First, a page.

Souz Dal is a dark pocket of romance on the College Street strip. There's just something sexy about this bar, which is probably why it has a reputation for being a good date destination. Its candlelit confines, loud pounding beats and potent potables certainly don't hurt; anyone leaning in to speak is going to look better than they would on, say, the subway. It also has an ace location, nestled in at College and Grace since before College was cool, back in 1992.
The mixed drinks menu is robust. Dirty martinis and absinthe are particularly suited to the environment; caipirinhas, a Brazilian drink like rum with sugar and lime, is a house specialty. You'll find Mill Street Organic and Amsterdam Blonde on tap, plus a wide selection of sweet and sour martinis, cocktails and wine. There's no food, so hit one of the many restaurants on the strip before you go.
The drum-and-bass plays loudly for such a small space, but works and only makes for cozier conversation. I'm an old fart about loud music myself, but at Souz Dal it seems an appropriate and integral part of the evocative atmosphere.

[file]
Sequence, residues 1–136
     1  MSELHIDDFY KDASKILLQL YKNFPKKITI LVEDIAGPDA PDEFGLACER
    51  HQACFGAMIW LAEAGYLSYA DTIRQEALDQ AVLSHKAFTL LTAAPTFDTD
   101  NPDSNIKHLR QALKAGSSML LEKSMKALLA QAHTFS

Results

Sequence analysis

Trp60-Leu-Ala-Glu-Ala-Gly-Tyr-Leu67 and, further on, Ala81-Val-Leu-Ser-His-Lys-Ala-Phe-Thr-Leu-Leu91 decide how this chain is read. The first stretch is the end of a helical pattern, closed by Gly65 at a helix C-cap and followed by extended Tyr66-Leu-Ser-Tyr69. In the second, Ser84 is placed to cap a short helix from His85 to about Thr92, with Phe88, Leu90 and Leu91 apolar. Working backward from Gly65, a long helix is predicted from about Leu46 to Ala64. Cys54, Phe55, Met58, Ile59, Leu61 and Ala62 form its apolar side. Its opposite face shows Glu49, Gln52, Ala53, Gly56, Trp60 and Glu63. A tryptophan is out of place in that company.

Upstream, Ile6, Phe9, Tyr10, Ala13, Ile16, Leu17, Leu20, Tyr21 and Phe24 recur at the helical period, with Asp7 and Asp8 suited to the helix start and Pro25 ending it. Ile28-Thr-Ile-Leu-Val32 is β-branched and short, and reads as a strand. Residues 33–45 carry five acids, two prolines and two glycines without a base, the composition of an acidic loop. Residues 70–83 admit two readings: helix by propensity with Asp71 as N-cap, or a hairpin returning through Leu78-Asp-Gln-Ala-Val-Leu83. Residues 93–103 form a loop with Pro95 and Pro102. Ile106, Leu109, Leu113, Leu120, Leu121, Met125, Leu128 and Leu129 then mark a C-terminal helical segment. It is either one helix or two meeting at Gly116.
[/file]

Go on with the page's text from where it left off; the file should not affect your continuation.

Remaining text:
Although the bar is named after the Russian city of Suzdal, you would be forgiven for thinking it Moroccan, with its red, tapestry-hung walls, coloured glass lanterns and copper-wrapped bar. A tin dome vaults the ceiling in the centre of the room. The room is small, with seating for about 25, but with good turnover - you won't have trouble finding a seat. Out back a small patio is enclosed on all sides by neighbouring buildings and feels very New York. It's also heated in the winter should you feel so inclined.
On a summer's night, Souz Dal's windows frame a lively and vivacious scene, filled with girls in vintage dresses, guys in black-rimmed glasses, and other College Street intelligentsia. Up until 8pm, you might pass under Souz Dal's copper globe signage and mistake its dark recesses for abandonment, but Souz Dal just sleeps deeply during the day. Come back after Happy Hour to experience what, in some opinions, is College Street's hippest offering.
Writing by Jessica McGann